For the first time this season, the Pittsburgh Penguins served defenseman Jack Johnson a plate of press box nachos. For Game 1 of the Penguins Round One series against the New York Islanders, Johnson was a healthy scratch in favor of Olli Maatta or March Pettersson. Johnson played all 82 games in regular season, played on the right side when his team needed someone to take one for the team, and then played on his natural left side, was a prominent penalty killer and dished more hits than any Penguins defenseman in a decade.
But Johnson sat in Game 1.
The Penguins coaches chose Olli Maatta to anchor the left side of the second pairing with offensive d-man Justin Schultz, instead of Johnson who has helmed the spot since Schultz returned in mid-February. The Penguins coaches chose Maatta’s slightly superior mobility and puck movement over Johnson’s heavy, steady and defensive game.
“There were (defensive lapses) at times, but it’s a five-man effort. We’ve got to do a better job supporting them when they’re under pressure,” head coach Mike Sullivan said.
Beyond the lapses, Maatta was also overpowered by the Islanders prominent fourth line. Casey Czikas brushed off Maatta in the first period in one of several more grinding shifts which were uninterrupted by the Penguins defense which was not able to compete with the Islanders physicality.
Just 33 seconds into the game, Maatta and Kris Letang retreated in fear of the mighty Tom Kuhnhackl who suddenly channeled his inner Connor McDavid. Despite surrounding Kuhnhackl four-on-one, Maatta retreated despite being the high defenseman who could have thwarted the chance by stepping forward. The black arrow below is the right play. The red…was the wrong play.
Had the Islanders not been offside due to a trailing forward making a line change, it would have been 1-0 before the game was one minute old.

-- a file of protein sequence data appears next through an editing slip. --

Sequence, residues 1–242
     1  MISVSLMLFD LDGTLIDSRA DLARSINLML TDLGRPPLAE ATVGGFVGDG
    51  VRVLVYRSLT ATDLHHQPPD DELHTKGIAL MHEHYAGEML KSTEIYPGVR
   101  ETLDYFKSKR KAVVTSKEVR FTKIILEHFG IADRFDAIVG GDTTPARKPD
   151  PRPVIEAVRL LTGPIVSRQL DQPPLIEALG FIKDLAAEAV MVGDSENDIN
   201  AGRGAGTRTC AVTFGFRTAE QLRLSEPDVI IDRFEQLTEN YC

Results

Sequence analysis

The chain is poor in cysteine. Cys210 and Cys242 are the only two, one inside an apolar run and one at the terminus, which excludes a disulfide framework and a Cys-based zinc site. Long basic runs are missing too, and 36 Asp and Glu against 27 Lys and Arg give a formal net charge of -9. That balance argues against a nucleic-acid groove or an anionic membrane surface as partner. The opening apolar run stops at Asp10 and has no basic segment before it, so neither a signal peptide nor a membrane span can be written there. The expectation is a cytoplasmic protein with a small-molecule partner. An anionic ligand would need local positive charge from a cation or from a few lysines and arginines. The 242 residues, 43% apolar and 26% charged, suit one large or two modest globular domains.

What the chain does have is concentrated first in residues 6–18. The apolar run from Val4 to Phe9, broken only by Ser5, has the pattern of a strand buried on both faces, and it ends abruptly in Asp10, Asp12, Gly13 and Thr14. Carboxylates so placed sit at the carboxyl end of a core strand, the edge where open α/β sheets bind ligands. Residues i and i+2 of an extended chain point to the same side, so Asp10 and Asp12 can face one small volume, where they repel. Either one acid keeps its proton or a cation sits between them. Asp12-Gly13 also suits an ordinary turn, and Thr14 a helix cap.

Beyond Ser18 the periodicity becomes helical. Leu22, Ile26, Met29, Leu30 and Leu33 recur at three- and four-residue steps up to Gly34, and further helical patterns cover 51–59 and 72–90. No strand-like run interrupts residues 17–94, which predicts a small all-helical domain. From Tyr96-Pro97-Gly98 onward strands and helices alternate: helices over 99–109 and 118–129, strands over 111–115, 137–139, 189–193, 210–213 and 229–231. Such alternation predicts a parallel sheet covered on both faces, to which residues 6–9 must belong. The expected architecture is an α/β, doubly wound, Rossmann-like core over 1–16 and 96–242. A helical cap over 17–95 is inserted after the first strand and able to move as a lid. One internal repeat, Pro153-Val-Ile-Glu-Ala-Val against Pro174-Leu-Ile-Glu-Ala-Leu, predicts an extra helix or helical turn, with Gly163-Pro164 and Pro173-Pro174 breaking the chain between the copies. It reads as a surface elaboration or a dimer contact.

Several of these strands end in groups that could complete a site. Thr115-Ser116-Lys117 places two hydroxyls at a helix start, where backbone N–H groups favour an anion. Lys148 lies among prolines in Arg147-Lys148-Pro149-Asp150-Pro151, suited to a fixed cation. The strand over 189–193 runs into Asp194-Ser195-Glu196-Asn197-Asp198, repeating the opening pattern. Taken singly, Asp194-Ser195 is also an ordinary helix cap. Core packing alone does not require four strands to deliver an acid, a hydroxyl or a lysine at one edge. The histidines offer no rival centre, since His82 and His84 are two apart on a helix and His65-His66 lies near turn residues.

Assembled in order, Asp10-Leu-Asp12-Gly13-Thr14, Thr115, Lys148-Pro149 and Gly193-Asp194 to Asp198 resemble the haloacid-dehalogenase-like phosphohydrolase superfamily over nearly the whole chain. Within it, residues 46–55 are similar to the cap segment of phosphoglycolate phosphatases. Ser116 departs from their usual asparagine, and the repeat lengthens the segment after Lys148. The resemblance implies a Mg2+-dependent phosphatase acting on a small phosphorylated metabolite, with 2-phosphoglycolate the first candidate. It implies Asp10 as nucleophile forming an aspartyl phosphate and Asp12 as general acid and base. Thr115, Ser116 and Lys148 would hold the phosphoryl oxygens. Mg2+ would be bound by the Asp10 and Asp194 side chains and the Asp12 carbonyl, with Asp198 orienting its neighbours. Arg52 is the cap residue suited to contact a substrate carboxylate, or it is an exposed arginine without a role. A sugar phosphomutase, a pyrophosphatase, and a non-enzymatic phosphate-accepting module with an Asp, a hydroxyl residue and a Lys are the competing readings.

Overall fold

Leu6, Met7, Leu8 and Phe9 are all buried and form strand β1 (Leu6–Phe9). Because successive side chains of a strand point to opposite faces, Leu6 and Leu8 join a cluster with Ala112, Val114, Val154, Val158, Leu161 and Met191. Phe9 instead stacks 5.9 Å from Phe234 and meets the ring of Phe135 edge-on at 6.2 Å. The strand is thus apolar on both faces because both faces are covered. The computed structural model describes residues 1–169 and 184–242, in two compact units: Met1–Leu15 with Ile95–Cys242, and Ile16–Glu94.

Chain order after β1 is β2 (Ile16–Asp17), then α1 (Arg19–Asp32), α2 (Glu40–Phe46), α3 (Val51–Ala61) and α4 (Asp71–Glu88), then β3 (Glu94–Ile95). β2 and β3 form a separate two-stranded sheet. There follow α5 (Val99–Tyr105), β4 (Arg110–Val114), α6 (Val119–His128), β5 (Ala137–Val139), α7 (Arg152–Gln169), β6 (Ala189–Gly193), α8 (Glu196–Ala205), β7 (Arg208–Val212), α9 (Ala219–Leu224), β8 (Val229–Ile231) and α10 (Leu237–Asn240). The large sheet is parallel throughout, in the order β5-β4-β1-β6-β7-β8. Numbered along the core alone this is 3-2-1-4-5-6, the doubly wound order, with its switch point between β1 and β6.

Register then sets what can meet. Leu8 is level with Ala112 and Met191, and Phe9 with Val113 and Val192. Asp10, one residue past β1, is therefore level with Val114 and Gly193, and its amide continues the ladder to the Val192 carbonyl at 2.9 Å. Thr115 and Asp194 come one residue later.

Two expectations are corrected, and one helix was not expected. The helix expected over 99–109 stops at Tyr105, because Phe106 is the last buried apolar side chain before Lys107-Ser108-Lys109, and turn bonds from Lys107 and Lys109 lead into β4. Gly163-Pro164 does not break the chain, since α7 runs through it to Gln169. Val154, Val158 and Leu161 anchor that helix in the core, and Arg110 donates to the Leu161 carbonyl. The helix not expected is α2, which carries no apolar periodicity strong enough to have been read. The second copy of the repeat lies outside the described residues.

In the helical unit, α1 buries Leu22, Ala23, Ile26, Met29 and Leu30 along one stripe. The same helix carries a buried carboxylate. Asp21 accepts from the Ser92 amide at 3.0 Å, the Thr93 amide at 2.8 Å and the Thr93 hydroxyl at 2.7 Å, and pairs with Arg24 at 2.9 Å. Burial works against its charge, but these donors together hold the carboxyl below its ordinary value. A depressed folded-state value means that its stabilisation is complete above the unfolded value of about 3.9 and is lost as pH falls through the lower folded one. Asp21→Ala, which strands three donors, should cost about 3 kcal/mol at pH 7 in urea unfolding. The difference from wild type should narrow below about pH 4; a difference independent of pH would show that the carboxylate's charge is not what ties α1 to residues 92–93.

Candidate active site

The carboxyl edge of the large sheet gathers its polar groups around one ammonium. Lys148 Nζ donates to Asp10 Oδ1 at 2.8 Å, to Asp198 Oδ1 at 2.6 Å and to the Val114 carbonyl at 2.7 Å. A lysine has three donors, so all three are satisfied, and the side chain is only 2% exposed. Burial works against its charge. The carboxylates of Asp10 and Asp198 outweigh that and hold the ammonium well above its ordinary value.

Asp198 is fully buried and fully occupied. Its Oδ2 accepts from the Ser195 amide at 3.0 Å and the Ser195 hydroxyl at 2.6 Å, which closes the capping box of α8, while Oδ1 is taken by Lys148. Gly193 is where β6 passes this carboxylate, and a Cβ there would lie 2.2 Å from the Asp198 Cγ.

The space for the wicked shot was the result of sagging to the circles. We’ve highlighted the open space Maatta yielded:
Just 50 seconds later, the Islanders victimized Maatta for real. This diagram is a little more complex. Dumoulin is guarding the puck and Mathew Barzal on the left wing. As the puck progressed around the outside, Dumoulin trailed the man towards the circle. Sidney Crosby had eyes on Mathew Barzal in the slot and was in good enough position to make a play, even though his stick is only slightly visible in the screenshot.
By over-committing, Maatta left the front porch unguarded, and Eberle was too happy to snag the Amazon packages. A gaffe like gave the Islanders an even bigger boost and quickly soothed the nullified goal. Given their tight-checking style of play, a lead only emboldens the Islanders to squash their opponent’s space.
The turnover below directly led to Nick Leddy’s go-ahead goal in the third period. Again Maatta retreated deep into his own zone and gave the puck carrier worlds of space. By looking at the still below, you may think Maatta was coming over to help, but Maatta and Valtteri Filppula received the puck at the blue line as Maatta was within a few feet. Maatta yielded the play.